And they can only spend my money for 24h before the payment expires, ok?
  • If not, I won't use the service.
  • TITO (Score:3, Insightful)

    by dada21 (163177) * <adam.dada@gmail.com> on Friday November 18, 2005 @04:50PM (#14066024) Homepage Journal
    (white) Trash In, (tv) Trash Out

    Jerry Springer and the dating shows 5th Wheel and Blind Date

    That'll be worthwhile... They could probably offer only one episode of those shows and no one could tell.

    Anyone think they want it to fail so they could lobby Congress to DRM all TCP/IP transmissions?
  • While I'm glad they are taking some steps forward, you can be sure someone will take their DRMed torrent, pirate it, and release it on traditional torrent sites. But nonetheless, if they can find a pricepoint that works with their crippled offering, more power to em.

  • by johnlcallaway (165670) on Friday November 18, 2005 @04:51PM (#14066032)
    My 20 year old Toshiba VCR is looking better and better every day. I have yet to find anything it could not record when using the analog video/audio jack feeds....
    • Shhh. They can hear you when you post here! If you think that they won't push to "outlaw" all older technology that doesn't have "safe-guards" in place, you're crazy. While they might not win that doesn't mean they won't try everything in their power, including their increasingly successful smear campaigns, to get you to turn over your contraband.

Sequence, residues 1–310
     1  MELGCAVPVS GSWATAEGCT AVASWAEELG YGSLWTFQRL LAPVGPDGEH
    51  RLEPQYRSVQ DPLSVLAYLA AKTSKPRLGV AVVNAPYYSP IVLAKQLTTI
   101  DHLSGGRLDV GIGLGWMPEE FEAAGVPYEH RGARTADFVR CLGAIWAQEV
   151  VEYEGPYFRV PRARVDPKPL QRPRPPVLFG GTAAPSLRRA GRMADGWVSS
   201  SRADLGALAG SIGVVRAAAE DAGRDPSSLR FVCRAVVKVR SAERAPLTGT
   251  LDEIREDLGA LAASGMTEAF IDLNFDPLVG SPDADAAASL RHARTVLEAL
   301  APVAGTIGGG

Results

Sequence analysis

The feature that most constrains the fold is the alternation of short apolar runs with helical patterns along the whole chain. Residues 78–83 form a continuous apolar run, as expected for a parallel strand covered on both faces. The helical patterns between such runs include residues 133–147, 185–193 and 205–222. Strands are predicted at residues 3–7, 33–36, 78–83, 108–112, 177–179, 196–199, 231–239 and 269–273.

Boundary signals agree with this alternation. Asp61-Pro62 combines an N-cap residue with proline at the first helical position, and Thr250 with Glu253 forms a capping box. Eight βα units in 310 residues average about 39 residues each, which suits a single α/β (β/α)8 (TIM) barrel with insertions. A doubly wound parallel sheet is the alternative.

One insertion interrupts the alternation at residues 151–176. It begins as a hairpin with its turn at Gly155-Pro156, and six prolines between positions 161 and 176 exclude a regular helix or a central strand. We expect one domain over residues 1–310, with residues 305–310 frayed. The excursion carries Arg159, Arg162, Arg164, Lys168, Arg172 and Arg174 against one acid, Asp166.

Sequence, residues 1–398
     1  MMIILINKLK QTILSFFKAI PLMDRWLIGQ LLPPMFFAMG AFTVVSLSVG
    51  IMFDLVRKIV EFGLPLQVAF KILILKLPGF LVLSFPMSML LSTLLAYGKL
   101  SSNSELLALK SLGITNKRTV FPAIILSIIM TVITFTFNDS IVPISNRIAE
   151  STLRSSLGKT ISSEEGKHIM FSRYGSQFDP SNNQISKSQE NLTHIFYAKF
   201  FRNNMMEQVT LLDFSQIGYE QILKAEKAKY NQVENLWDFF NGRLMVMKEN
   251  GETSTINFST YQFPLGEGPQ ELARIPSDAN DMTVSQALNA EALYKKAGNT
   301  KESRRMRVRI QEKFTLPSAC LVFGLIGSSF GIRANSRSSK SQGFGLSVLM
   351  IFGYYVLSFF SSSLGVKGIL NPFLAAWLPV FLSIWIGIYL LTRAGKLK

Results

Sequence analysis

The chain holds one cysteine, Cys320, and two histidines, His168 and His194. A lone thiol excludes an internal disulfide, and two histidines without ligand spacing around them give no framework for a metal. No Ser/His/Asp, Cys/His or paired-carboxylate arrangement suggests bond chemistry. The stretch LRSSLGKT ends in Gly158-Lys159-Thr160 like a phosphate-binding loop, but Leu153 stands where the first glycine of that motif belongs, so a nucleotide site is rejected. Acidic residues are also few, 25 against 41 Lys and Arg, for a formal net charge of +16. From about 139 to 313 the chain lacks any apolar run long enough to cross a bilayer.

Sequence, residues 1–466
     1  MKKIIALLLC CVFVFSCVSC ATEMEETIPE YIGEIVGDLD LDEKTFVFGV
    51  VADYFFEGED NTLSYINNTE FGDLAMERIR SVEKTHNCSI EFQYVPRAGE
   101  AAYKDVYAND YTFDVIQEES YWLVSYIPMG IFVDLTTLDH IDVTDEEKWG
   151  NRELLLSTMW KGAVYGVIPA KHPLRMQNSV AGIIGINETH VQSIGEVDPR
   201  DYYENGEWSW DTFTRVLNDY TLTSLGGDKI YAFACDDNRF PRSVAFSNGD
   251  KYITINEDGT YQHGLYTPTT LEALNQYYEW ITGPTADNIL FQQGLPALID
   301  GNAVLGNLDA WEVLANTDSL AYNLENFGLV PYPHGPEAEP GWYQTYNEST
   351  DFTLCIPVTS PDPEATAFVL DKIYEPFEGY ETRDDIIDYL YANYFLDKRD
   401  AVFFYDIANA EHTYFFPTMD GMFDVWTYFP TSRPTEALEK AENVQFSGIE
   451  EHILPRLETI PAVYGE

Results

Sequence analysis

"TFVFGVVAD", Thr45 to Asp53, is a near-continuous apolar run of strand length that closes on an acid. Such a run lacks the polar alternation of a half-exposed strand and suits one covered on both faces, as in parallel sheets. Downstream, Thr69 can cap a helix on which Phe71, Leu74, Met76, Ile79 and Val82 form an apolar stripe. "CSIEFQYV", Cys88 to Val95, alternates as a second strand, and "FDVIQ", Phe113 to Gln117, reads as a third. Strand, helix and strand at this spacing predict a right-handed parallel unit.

• You can keep your 20 year-old VCR. My 4 year-old Hauppuage MPEG capture card also records anything you throw at it (ignores macrovision), and it does so in (slightly) higher quality than DVDs, without aty defects of analog, without needing to buy tapes, rewind, etc.

      The PVR-150 is down to about $60 online, putting it only slightly higher than non-MPEG capture cards, making even old slow systems perfectly capable of capturing. Of course, you can get slightly higher quality with software encoding from a non-